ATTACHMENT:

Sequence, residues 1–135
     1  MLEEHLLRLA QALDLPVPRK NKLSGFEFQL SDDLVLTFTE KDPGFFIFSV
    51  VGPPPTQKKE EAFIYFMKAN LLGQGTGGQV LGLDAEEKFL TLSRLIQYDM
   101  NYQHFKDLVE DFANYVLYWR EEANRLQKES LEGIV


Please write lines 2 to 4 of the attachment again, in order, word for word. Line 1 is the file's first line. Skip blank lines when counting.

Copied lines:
     1  MLEEHLLRLA QALDLPVPRK NKLSGFEFQL SDDLVLTFTE KDPGFFIFSV
    51  VGPPPTQKKE EAFIYFMKAN LLGQGTGGQV LGLDAEEKFL TLSRLIQYDM
   101  NYQHFKDLVE DFANYVLYWR EEANRLQKES LEGIV